Over the years, the universal war on illicit drugs has led to more and more people choosing prescription drugs to get high. The increased use of prescription drugs for this purpose has also led to an increase in prescription drug addiction. Prescription drug addicts are every bit as addicted to their medications as their illicit drug counterparts are to their drugs of choice.
Thankfully, prescription drug detox is available through a variety of sources throughout the UK. You can access detox through a private clinic, charitable organisation or the NHS. The most important thing to know right now is that you can come clean from prescription drugs if you are addicted to them. It is simply a matter of wanting to and then being willing to do whatever it takes.
Why You Need Detox
If you are misusing or abusing prescription drugs, you may not see any reason to acquaint yourself with addiction detox. You may assume that because a doctor ordered prescription drugs, they are completely safe to use as you see fit. However, such assumptions are dangerously wrong.
According to the most recent statistics from 2012, more Britons die every year from prescription drug overdoses than from addictions to illicit drugs like cocaine and heroin. Do not make the mistake of believing your prescription drugs are not dangerous. They are. That’s why they can only be dispensed legally with a doctor’s prescription.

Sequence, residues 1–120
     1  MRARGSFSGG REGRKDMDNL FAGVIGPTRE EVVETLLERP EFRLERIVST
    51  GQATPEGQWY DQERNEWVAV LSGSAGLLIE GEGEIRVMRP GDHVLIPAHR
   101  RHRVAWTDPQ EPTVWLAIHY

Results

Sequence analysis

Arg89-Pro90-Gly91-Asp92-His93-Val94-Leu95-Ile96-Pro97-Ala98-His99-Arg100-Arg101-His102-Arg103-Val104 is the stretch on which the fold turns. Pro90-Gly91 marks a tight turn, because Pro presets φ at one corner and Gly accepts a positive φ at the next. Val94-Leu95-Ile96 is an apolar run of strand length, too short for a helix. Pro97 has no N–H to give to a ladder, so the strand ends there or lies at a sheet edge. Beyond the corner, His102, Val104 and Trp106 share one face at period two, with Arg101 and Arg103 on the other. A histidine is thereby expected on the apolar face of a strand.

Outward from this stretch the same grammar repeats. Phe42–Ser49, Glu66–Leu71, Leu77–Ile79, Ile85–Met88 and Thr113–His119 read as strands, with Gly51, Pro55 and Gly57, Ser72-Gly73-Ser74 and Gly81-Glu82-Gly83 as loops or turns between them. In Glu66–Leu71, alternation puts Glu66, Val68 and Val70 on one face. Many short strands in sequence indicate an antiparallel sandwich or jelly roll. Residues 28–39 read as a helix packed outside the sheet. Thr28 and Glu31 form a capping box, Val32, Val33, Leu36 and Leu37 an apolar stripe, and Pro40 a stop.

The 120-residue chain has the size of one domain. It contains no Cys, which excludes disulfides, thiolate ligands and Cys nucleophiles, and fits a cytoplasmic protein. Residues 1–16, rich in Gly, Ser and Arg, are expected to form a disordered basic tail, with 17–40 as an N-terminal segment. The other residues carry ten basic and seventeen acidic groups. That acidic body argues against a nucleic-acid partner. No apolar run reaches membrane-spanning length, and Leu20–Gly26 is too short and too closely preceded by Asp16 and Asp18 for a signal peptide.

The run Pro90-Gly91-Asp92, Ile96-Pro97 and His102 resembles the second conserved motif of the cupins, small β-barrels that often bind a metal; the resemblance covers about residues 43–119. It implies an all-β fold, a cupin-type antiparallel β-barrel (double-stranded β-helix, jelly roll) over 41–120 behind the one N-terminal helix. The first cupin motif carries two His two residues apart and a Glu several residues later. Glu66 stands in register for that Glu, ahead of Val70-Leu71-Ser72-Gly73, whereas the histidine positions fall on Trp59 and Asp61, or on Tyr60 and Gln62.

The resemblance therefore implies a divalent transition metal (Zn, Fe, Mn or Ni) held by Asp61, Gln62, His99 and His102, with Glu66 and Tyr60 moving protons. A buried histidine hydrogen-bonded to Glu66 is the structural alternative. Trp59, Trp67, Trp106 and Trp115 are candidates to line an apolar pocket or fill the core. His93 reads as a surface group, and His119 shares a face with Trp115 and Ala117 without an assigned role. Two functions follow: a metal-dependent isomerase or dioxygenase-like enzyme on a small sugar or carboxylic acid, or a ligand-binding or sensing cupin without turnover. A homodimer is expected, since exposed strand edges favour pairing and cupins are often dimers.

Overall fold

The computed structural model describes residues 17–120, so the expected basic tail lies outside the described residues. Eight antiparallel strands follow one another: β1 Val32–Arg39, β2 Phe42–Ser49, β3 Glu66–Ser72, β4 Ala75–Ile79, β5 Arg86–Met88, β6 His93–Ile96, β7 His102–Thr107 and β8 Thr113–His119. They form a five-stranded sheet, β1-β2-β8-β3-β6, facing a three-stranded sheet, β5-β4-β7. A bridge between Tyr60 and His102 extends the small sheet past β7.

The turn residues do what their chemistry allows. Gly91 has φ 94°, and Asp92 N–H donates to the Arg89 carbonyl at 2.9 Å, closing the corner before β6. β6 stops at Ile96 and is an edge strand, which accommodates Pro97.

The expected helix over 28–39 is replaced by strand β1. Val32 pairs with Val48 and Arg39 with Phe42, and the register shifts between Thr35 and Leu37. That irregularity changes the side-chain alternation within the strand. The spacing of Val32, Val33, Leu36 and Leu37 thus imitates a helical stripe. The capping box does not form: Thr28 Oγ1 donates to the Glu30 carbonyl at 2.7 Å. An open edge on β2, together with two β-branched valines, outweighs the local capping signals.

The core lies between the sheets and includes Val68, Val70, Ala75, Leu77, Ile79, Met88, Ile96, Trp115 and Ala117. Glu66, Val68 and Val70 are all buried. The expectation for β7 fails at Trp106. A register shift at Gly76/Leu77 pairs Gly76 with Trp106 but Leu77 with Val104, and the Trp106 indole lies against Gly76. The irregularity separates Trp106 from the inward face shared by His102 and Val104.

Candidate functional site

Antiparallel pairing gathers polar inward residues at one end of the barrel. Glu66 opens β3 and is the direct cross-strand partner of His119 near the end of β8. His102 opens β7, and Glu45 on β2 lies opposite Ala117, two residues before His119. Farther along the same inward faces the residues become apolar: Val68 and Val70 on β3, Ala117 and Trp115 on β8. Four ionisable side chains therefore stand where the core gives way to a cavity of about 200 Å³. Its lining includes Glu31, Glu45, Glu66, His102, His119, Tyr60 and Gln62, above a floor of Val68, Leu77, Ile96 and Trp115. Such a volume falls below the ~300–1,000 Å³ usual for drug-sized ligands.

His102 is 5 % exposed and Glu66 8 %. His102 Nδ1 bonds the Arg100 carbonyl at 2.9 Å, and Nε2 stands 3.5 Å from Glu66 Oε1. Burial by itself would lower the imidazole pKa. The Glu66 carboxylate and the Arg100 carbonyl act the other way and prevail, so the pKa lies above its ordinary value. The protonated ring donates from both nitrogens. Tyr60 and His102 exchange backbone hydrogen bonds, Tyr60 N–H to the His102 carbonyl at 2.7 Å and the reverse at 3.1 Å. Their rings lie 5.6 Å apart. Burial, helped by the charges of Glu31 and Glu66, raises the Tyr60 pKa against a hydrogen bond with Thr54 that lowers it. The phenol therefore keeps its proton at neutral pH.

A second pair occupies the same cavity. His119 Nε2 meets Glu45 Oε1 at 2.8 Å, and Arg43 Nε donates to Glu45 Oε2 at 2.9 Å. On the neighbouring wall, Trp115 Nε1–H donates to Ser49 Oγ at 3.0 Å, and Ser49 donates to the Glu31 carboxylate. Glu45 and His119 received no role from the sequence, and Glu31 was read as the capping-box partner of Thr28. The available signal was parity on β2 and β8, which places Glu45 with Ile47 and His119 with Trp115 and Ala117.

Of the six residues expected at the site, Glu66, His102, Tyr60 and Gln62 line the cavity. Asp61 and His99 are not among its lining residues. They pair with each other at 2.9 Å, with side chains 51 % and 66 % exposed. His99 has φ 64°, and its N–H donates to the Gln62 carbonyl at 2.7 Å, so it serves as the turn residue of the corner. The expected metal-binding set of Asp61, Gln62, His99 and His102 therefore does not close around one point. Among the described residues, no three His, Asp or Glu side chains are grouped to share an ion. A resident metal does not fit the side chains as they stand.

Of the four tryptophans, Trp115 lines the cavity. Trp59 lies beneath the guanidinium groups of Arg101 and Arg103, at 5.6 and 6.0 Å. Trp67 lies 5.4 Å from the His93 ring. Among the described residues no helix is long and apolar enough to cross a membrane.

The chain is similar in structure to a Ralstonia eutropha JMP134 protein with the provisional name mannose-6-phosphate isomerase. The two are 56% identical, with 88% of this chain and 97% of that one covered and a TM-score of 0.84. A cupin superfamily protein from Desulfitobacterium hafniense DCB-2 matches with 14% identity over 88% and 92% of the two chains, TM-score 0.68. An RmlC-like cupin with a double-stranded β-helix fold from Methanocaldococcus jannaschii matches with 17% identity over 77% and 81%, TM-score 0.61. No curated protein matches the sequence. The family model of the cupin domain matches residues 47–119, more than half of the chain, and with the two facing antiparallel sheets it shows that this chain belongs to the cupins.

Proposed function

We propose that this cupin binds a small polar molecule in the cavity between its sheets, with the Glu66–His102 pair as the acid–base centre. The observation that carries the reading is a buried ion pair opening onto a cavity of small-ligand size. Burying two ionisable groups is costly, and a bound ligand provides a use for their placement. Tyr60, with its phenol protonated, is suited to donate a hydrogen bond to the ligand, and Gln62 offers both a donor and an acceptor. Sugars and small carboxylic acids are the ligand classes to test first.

Some of the more common types of prescription drugs abused in the UK include:
- opioids – these include painkillers like morphine and codeine
- depressants – these include things like benzodiazepines, sleeping pills, and anti-anxiety medications
- stimulants – these include things like Ritalin and Adderall.
The thing to understand about prescription drugs is how easy it is to develop an addiction without ever being aware of it happening. If you find your life is completely controlled by any form of prescription medication, you are likely addicted. You need prescription drug detox.
What Detox Does
One of the most profound results of any addiction is the tolerance and dependence it creates in the addict. In other words, every time you take your prescription drugs, your body becomes even more dependent upon them for daily functioning. It is a never-ending cycle that only gets worse as the days pass.
That dependence always leads to tolerance over time. Tolerance is defined as a condition in which you need to take ever-larger doses of prescription drugs in order to achieve the same benefits. The more dependent you become, the more drugs you take – and vice-versa.
Detox brings an abrupt stop to this cycle by forcing your body to break its dependence on drugs. Breaking that dependence includes allowing the body to cleanse itself of the chemicals associated with prescription drugs. Unfortunately, uncomfortable withdrawal symptoms are part of the detox process.
You need to understand that a chronic addiction to prescription drugs cannot be broken without undergoing detox. Whether it is gradual or abrupt, the physical dependence now part of your daily life must be interrupted if it is going to be conquered.